Let’s make it easy to see what’s better for stripping fat and building the muscle that shapes your body.

Take a look at the average marathon runner – for the most part, they look skinny, emaciated, and generally not too healthy. They may weigh very little, but they have no muscle, and no shape to them – not the ideal figure is it?

Now take a look at a sprinter. They’re lean, muscular, with good shape and muscle tone. They look athletic and healthy, and will generally have LESS body fat than the marathoners.

Obviously these are two extremes, but the bottom line is if you want to lose fat, shape and tone your body, and look and feel strong and healthy, you need to ditch the long cardio sessions and start working with high intensity intervals (sprints if running’s your chosen activity) and/or start lifting weights.

If you enjoy jogging, then by all means, go jogging. But unless your goal is to be “skinny fat” (where you weigh very little and look skinny, but still have a high body fat – mainly due to a lack of muscle), then you also need to be doing intervals and weight training.

Another easy way to see what you need to be doing, is to walk into any gym. Are the people who look how you want to look walking on the treadmill for 20 minutes, then moving across to sit on a bike for half hour and watch EastEnders? ... Or are they in the freeweights area lifting weights?

Don’t be fooled by the common misconception that cardio burns more calories. Use your muscles, and lift weights that you struggle to finish your set with i.e. if you’re aiming for 12 lifts (repetitions), you should struggle to finish the last 2 or 3.

Just take a look at British champion weightlifter Evelyn Stevenson:

Not exactly the hulky mass of muscle that people (especially women) are afraid of becoming if they lift a weight!

It should be clear, just by looking at the different athletes, which type of training will produce the best results – if you want to look like a sprinter, train like a sprinter.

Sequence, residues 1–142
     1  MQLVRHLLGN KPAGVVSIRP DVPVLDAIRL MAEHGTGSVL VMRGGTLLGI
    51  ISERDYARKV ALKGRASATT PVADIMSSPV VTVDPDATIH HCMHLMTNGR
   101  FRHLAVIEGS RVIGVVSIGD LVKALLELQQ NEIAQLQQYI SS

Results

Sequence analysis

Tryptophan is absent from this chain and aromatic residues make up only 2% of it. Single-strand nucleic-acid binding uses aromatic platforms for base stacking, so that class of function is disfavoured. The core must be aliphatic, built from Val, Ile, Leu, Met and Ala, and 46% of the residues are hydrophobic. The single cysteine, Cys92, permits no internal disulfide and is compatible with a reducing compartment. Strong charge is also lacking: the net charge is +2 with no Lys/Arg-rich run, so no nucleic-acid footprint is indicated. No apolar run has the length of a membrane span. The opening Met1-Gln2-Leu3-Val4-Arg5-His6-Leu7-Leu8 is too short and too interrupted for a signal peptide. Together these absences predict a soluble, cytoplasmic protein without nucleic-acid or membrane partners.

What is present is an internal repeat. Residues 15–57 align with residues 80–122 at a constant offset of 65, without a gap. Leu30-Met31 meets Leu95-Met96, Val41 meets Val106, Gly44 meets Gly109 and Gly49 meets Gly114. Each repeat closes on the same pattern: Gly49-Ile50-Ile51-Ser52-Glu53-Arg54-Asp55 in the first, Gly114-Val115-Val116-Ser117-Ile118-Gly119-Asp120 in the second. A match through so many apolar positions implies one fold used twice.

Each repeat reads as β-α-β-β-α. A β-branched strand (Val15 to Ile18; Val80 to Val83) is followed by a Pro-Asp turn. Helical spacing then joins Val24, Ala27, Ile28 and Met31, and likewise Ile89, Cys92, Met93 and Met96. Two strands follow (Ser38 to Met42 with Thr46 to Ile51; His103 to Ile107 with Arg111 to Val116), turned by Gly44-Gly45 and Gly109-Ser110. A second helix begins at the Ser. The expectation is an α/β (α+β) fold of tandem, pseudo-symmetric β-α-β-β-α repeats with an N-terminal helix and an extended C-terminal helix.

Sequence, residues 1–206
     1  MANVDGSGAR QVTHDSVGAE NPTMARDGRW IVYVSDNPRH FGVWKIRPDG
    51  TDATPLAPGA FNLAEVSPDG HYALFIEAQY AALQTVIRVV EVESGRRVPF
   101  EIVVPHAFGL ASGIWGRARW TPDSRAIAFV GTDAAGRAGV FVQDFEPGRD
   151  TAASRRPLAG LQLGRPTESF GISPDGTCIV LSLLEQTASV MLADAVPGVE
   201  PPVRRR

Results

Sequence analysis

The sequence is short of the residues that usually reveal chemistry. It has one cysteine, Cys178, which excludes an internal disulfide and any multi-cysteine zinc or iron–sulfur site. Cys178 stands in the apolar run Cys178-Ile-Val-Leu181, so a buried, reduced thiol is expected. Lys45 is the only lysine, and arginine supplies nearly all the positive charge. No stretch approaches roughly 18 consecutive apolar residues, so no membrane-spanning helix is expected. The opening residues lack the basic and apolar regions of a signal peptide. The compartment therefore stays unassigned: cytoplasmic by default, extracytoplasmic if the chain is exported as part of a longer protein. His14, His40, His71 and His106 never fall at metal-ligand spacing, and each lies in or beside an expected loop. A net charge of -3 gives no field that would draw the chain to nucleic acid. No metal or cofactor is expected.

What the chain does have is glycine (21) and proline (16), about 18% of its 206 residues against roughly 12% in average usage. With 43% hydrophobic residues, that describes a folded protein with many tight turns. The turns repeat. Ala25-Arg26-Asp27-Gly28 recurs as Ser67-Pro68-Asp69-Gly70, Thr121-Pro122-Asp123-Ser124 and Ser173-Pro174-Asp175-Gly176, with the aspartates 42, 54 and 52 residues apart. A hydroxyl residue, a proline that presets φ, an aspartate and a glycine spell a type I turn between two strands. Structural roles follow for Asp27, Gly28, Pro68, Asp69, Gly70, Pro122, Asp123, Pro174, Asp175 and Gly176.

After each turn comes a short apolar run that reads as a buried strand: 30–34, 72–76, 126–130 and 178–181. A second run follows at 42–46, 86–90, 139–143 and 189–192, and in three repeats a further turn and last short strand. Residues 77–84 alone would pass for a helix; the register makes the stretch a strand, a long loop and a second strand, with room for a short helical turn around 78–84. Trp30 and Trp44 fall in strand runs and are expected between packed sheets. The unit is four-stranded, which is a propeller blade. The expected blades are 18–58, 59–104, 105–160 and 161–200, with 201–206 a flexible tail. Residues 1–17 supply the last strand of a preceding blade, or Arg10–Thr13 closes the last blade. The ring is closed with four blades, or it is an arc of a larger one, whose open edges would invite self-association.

This may go against what you thought was the best way to train and what you’ve been told by magazines, friends, even trainers in the gym. But really, it’s pretty obvious.

Be aware also that the same goes for diet. Just because you’ve read it, a friend recommended it, or a trainer has told you to do it, doesn’t mean it’s the right way. Even if it works – there might still be a better way, and it’s usually the most obvious.

If you’d like to know more about how best to eat and train for your goals you can download my nutrition advice by entering your name and e-mail in the box on the right, or contact me for Personal Training.

Friday, 9 September 2011

Taking your measurements

Taking measurements is by far the best way to keep track of your changing shape as you get fit.
Weight on the scales can sometimes show little change, or even go up if you’ve swapped some fat mass for muscle, or taken on more water that particular day – meaning that they really don’t give an accurate reading of how well you’re doing.
Also, it can sometimes take a while for these training effects to take place, so weekly “weigh-ins” can sometimes dishearten many people, and cause them to give up.
By taking measurements and keeping an eye on how your clothes are fitting, you can see exactly how well your efforts are paying off and even where you’re losing the “weight” from.
For accuracy, you must ensure that you’re taking the measurements at exactly the same places each time or you will get mixed and inaccurate readings.
Again though, be aware that everyone’s different. You may see results faster than you expected, or a little slower. Either way, stick to the programme and eventually things will even out.

Below are some tips on how to take your measurements.
Neck – Standing, measure your neck at its largest girth (right over the Adam’s apple for men).

Chest – Men: Standing, measure around your chest at nipple height, with breath out.
Women: Measure under your breasts but as high up as you can go, keeping the tape measure parallel to this line when you reach it around your back (with breath out).